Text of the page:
In high school, up, I was fortunate enough to have an amazing Mother who woke up early to have breakfast in the works while I was still grumbling and battling my second snooze cycle. As it is in most homes, in the twenty harried minutes that exist from the moment a teenager begrudgingly rolls out of bed to the moment their newly licensed selves bolt out the door, it’s a feat to get anything into their mouths, let alone a balanced breakfast. Somehow I always had something tasty in my hand, even though I was consistently 10 minutes behind schedule and searching high and low for my swim cap, my car keys, or my powder-puff football t-shirt.
This gesture of course I can only fully appreciate now; back then, I didn’t realize just how nice it was to have buttered cinnamon raisin toast, fresh orange juice, bagels with cream cheese, yogurt and fruit, and the occasional fluffy waffle ready waiting for me to grab and go. It was only after settling into the corporate world and trading in Mom’s simple yet sturdy breakfasts for the less nutritionally sound street-cart coffee with skim milk – twice in as many hours – that it sunk in just how good I had it. A proper breakfast at home before heading off to the office? Not a chance! Not when skipping it means an extra fifteen minutes of desperately needed shut-eye, my friends.
One thing that consistently graced our breakfast table on weekdays or otherwise, were juicy halves of pink grapefruit. This in itself might not sound that special, but you see in these grapefruits, the cuts were already made between the peel and the membranes. It takes a special person to have the patience to properly cut a grapefruit, because let’s face it – it’s a total pain in the ass. You must first dig out that funny little crooked knife, and then have the willingness to endure squirts of acidic juice assailing your eyeballs as you carefully and painstakingly separate the flesh from the membranes, all while taking care not to puncture the slippery peel. Serenity now!!
I love grapefruits, but never view them in the same ‘quick and easy’ category as their other citrus counterparts for this very reason. I realize too that grapefruits can elicit all sorts of negative reactions from people – they have that either you love’em or hate’em thing going on. Although one of my favorite ways to enjoy them is straight up (and, ahem, preferably already cut – thanks Mom!) I’ve been making this slightly fancier version for myself, and think not only does justify the extra few minutes of prep time, but also that it could just be the thing to convert non-lovers into fanatics.
Grapefruit brulee is deceptively simple – you’ll need a chilled grapefruit, some brown sugar, and a hot broiler (or kitchen torch, if you are really well appointed in that arena). After sprinkling said sugar and a bit of cinnamon atop the scored and prepped grapefruit halves, you place them under the broiler for 3-4 minutes, until the sugar has melted and caramelized slightly, the fruit is warm, and the edges of the grapefruit are just slightly singed.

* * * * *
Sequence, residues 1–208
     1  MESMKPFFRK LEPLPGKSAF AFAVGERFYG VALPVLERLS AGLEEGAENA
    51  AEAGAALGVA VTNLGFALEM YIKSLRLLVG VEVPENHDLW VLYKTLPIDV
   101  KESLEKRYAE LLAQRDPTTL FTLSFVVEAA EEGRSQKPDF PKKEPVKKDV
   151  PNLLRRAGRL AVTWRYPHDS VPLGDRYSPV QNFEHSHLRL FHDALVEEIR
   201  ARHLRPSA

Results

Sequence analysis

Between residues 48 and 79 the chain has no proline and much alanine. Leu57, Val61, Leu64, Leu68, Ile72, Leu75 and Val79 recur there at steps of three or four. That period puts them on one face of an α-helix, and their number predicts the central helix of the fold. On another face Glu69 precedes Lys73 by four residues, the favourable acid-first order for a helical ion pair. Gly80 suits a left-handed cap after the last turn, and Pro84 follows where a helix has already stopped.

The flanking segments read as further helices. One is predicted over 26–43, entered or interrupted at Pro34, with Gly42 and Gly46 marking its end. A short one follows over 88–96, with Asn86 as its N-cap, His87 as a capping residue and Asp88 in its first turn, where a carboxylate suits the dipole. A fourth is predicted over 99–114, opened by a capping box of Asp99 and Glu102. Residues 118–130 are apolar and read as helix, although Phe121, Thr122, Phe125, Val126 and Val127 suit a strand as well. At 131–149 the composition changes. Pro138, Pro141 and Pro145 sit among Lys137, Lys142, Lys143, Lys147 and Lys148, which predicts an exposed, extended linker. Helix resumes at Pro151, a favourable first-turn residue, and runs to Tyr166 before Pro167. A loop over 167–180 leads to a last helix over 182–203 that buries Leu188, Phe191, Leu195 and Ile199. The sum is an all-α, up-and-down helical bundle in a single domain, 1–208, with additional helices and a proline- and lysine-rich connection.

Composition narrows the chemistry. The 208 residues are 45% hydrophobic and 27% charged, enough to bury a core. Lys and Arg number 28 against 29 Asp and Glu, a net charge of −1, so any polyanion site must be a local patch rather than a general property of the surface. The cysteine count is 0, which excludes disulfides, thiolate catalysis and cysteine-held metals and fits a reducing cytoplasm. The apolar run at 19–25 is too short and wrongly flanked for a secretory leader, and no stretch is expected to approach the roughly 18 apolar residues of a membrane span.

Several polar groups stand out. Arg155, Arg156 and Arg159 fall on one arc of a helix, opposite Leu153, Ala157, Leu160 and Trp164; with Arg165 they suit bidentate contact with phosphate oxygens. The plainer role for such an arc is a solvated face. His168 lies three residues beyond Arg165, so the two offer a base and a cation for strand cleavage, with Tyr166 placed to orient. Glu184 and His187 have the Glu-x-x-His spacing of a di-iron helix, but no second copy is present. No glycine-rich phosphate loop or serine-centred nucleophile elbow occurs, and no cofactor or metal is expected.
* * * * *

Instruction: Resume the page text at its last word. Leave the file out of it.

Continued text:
Before you shrug this off as disgusting – and I know that hot grapefruit doesn’t exactly sound appealing – just try it first. It’s a perfect way to turn a cool Summertime breakfast into something decidedly wintery, and, at least for me, anything warm to start a frigid single-digit morning off is a welcomed thing. The chilled grapefruit stands up to the heat, with the top layer becoming warm, sweet, and juicy and the bottom retaining that refreshing aspect. The sugar melts into a caramelly layer, and though you aren’t using much the heat helps it to spread and permeate into the separated fruit. I suspect even grapefruit skeptics would give this a whirl, and I’d be shocked if they too weren’t pleasantly surprised.
It’s simplicity belies that it truly is something special, and would be perfect for a fancy brunch or even as a very light dessert, with a scoop of citrus sorbet perched atop. Of course there is nothing to stop you from waking up just a few minutes early and making your weekday feel like something a bit more exciting; a little goes a long way in that regard, and on a chilly morning grapefruit brulee and a mug of hot chai is not to be underestimated.
Serves 1, or 2 with 1/2 each
If you like, you can dot the top of each grapefruit with a bit of butter before you broil, to yield a richer result. For me, the brown sugar and cinnamon, once warmed and bubbly, are plenty enough.
For easier cleanup, slip a piece of parchment under the grapefruits before passing them under the heat. I of course did not do this, and spent a good few minutes scrubbing melted sugar out of my pan. Don’t be like me.
1 tbsp brown sugar
pinch of cinnamon
pinch flaky sea salt (preferably Maldon)
Preheat the broiler to high. Cut a small layer off of the bottom of each end of the grapefruit, being careful not to cut through the peel and into the fruit, so it will sit flat in a pan. Cut the grapefruit in half horizontally, and using a grapefruit knife (or regular serrated knife) cut around the edges of the grapefruit and between the membrane to loosen the segments of fruit.
Sprinkle the brown sugar evenly between the two halves, placing a half a tablespoon on each half. Spread the sugar around into an even layer, and sprinkle a pinch of cinnamon over each. Place the grapefruits in a small pan, and place underneath the broiler for 2-4 minutes, keeping a watchful eye, until the sugar is melted and light brown in spots.
Sprinkle a tiny pinch of sea salt on each grapefruit half, and serve immediately, while still warm.